This is a borough by prescription, and the inhabitants have had their privileges confirmed by several charters: the last, under which the town is now governed, was granted by Queen Anne, in 1703. The municipal body consists of a mayor, and six capital and twelve assistant burgesses, with a recorder, town clerk, and inferior officers. The mayor, who is a justice of the peace and coroner for the town and the isles of Purbeck and Brownsea, and capital burgesses, hold quarter sessions of the peace, having exclusive jurisdiction: a court of record is held on the first Monday in every month, for the recovery of debts under £40. A court baron is held annually by the lord of the manor. The gift of the freedom of the borough is vested in the corporation.
This town has returned members to parliament from the time of Edward I.: the elective franchise is in the mayor, magistrates, and inhabitants paying scot and lot, and in the freeholders of lands and tenements who have been, bonû fide, in the occupancy or receipt of the rents and profits thereof for the space of one whole year next before the election; except the same came to such freeholders by descent, devise, marriage settlement, or appointment to some benefice in the church: the number of voters paying scot and lot are about one hundred and sixty-five, but the whole number of electors is above seven hundred: the mayor is the returning officer.
Wareham comprises the parishes of the Holy Trinity, St. Martin Within and Without, and Lady St. Mary Within and Without, in the archdeaconry of Dorset, and diocese of Bristol. The living of Holy Trinity parish is a rectory, to which those of St. Martin's and St. Mary's were united in 1678, rated in the king's books at £7. 5. 5., and in the patronage of John Calcraft, Esq.; the church is disused. The living of St. Martin's is rated in the king's books at £8. 2. 6.: this church also is disused. The living of St. Mary's is a rectory not in charge: the church is a spacious and ancient structure, containing early and decorated portions: it is believed to have been conventual, and attached to a priory founded here before 876, when the monastery was destroyed by the Danes, and to have been rebuilt about the period of the Conquest: over a small north door is a rude piece of sculpture, representing the Crucifixion, surmounted by a Saxon arch. In a small south chapel, of which the ceiling is richly groined, are the monuments of two warriors recumbent, and in complete mail: in this chapel the remains of Mr. Hutchins, rector of this place, and author of the “History and Antiquities of the County of Dorset,” are deposited; here also are several mural monuments to the members of the Calcraft family. There were formerly two other parochial churches, St. Peter's and St. Michael's. There are places of worship for Independents, Wesleyan Methodists, and Unitarians: that for the Independents was erected in 1670, and its first minister was one of the confessors of Bartholomew-day; they have recently erected a British free school, reading room, and library, in which lectures are given during the winter, which is supported by voluntary contributions.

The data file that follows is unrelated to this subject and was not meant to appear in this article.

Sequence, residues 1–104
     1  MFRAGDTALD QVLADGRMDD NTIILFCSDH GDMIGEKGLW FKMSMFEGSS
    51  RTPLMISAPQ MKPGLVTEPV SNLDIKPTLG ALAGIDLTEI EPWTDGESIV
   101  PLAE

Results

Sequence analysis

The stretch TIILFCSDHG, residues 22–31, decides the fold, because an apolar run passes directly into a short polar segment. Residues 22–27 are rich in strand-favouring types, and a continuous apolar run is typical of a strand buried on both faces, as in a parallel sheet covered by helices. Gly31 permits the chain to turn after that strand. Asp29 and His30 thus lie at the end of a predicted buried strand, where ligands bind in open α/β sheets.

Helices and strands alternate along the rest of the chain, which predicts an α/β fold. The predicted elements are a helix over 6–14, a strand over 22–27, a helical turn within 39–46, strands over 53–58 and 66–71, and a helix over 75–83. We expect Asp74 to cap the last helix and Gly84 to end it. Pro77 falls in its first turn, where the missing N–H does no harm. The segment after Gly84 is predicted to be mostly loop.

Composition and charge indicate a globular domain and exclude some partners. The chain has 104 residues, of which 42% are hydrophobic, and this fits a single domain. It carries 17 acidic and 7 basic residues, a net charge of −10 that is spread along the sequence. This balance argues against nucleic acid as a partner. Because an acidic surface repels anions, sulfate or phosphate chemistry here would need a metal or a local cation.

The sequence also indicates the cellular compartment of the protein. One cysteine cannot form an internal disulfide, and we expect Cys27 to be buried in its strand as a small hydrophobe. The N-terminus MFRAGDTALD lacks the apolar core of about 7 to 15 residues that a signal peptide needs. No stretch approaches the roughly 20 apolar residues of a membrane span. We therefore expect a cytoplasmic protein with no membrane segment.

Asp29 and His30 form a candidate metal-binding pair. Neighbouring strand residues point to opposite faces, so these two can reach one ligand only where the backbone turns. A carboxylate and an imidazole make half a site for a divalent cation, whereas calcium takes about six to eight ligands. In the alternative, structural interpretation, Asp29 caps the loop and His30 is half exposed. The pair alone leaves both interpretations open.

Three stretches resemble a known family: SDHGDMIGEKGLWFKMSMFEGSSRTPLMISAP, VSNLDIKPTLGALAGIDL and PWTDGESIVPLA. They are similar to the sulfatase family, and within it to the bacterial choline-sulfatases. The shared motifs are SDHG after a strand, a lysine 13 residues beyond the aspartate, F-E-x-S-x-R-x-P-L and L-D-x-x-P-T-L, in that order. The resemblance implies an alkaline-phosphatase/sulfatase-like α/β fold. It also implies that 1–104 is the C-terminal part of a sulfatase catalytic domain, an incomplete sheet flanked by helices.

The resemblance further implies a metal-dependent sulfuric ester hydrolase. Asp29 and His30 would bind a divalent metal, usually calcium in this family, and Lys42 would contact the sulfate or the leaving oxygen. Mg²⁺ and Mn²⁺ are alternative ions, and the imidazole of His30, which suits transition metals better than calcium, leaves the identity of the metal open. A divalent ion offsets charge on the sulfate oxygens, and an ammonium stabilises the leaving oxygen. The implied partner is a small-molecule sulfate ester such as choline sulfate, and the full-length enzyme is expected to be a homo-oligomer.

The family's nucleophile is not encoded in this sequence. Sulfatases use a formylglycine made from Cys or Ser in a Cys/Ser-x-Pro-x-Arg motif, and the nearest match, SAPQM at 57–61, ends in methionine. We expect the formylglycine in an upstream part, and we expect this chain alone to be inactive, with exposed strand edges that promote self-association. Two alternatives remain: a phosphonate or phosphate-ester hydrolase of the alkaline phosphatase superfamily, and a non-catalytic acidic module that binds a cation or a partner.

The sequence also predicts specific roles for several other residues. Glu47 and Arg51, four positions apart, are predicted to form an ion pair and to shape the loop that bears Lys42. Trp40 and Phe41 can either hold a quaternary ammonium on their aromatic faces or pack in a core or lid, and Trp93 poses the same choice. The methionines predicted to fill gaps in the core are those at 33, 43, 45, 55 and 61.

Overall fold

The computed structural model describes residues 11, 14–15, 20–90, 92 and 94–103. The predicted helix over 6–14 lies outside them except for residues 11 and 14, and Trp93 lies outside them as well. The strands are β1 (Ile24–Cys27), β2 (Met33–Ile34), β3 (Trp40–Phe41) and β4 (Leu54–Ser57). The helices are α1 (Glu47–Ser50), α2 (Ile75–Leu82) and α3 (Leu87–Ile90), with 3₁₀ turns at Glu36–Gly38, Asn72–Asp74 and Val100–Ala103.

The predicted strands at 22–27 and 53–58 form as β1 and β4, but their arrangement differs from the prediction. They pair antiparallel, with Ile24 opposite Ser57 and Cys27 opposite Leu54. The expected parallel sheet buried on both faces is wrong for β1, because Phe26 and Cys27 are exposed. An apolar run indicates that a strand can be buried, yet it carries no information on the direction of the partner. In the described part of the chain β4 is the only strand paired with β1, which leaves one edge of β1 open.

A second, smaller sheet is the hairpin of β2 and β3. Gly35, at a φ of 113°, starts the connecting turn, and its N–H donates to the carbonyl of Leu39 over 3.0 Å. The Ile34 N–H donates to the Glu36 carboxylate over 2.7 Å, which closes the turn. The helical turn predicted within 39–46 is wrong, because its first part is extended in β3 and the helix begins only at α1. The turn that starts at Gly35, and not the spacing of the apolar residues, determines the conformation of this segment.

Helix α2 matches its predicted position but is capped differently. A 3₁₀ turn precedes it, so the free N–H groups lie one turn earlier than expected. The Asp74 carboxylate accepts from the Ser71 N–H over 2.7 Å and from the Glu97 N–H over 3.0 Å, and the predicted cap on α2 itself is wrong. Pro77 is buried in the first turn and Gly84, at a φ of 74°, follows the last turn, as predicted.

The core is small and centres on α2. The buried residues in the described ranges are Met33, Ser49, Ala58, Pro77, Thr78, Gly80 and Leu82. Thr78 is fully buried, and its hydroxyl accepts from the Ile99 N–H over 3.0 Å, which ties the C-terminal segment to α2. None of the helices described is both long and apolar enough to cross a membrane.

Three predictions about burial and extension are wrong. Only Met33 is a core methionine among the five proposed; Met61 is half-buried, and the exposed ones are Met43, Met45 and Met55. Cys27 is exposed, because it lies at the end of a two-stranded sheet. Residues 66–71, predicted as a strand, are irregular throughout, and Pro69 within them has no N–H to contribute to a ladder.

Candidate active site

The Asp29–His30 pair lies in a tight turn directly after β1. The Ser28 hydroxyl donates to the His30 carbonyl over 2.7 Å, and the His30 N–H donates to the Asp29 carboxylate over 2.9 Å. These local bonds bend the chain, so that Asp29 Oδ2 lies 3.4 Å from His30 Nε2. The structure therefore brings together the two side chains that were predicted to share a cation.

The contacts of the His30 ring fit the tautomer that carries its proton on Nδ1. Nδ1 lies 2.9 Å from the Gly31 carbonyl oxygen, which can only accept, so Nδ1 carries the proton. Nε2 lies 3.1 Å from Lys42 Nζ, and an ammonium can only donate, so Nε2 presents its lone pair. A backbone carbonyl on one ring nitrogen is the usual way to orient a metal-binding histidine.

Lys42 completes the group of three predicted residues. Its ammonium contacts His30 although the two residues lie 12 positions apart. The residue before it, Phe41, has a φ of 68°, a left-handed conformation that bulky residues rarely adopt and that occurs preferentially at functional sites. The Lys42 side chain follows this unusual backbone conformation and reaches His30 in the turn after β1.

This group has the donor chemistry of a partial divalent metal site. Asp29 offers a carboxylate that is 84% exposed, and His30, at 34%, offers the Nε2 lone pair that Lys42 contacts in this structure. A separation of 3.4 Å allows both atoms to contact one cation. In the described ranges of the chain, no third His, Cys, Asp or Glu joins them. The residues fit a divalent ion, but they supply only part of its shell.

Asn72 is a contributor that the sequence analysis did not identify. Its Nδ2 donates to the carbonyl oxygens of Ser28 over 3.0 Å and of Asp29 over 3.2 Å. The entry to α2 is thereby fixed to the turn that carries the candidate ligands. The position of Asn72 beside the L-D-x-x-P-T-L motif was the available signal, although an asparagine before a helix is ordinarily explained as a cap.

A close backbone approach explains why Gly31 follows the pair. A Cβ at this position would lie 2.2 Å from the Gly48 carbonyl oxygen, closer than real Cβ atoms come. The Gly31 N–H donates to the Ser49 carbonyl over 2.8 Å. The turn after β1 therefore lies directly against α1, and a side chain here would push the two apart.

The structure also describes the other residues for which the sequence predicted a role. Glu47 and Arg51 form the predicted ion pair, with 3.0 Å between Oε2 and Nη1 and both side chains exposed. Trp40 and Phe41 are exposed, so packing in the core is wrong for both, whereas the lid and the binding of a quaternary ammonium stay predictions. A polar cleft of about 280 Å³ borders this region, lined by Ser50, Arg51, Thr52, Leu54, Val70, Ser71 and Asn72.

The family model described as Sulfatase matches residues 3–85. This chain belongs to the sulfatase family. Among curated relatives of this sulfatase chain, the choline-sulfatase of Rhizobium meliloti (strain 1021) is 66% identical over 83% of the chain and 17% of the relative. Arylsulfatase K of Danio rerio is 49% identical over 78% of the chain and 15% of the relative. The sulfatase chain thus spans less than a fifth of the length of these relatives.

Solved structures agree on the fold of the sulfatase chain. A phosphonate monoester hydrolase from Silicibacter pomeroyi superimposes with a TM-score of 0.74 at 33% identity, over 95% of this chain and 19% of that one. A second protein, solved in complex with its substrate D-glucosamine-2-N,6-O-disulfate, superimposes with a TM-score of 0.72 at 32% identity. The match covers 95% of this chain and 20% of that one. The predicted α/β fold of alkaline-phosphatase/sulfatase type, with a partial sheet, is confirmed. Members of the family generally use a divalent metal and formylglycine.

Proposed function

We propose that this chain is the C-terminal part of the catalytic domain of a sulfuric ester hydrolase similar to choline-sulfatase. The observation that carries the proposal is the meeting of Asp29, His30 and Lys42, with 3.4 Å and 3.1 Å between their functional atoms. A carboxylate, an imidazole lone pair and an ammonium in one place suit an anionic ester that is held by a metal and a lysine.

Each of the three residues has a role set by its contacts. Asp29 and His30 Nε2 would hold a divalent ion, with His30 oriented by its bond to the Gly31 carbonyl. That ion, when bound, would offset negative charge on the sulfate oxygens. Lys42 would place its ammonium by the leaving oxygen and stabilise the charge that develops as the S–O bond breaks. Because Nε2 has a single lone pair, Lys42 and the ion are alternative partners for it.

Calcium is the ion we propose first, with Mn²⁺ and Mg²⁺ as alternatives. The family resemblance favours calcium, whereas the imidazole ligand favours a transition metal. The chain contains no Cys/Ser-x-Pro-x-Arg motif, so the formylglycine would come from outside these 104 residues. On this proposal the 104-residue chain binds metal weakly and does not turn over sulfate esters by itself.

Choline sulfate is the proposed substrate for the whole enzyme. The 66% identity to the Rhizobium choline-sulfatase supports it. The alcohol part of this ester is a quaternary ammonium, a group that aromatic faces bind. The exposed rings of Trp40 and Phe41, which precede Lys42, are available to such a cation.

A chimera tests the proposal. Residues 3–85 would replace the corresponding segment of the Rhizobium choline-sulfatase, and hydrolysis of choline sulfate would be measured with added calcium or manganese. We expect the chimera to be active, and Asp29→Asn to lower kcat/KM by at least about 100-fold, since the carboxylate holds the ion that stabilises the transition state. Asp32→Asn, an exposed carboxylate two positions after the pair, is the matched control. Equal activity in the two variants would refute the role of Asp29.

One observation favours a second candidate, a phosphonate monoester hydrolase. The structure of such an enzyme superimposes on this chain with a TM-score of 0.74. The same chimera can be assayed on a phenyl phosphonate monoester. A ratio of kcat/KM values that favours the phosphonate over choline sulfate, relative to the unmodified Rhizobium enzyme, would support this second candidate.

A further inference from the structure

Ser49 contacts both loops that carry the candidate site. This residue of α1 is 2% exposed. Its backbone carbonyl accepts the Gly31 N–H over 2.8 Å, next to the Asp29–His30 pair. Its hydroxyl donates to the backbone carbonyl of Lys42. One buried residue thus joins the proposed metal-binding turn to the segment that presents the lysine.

The free school, situated in the parish of Lady St. Mary, was founded by George Pitt, of Stratfieldsaye, Esq., with a salary of £25 per annum for a schoolmaster; the endowment was further augmented by a bequest from Henry Harbin, in 1703, who left £200 for the purchase of land, to instruct the children of the poor. An almshouse, opposite St. Peter's church, was founded by John Streche, of Exeter, Esq., for six aged men and five women; it was rebuilt, in 1741, by Henry Drax and John Pitt, Esqrs., and valued in the chantry roll at £11. 13. 10.
The antiquities of Wareham comprise the walls built by the Danes in the time of Alfred: the west wall is one thousand eight hundred feet in length, the north one thousand nine hundred and sixty, the east one thousand six hundred, and the south one thousand seven hundred, varying as to height in different places: near Bloody bank, the place of execution, in 1684, of Mr. Baxter, Holman, and others, for their attachment to the Duke of Monmouth, it is thirty feet perpendicular. Of the castle, situated in the south-west angle of the town, and originally supposed to have been built by the Romans, and rebuilt by the Conqueror, only the mound, or keep, called Castle hill, remains. The relics of the priory have been converted into a dwelling - house.
At Stowborough, on opening a barrow, called King Barrow, in 1767, a large hollow trunk of an oak was discovered, in which were human bones, wrapped up in a large covering composed of several deer skins, and a small vessel of oak, in the shape of an urn, conjectured by Mr. Hutchins to have been the drinking cup of the deceased, who, in the opinion of Mr. Gough, was some Saxon, or Danish, chieftain.
Dr. John Chapman, tutor to the great Lord Camden; and Horace Walpole, Earl of Orford, were natives of this town.
Volume 4, page 386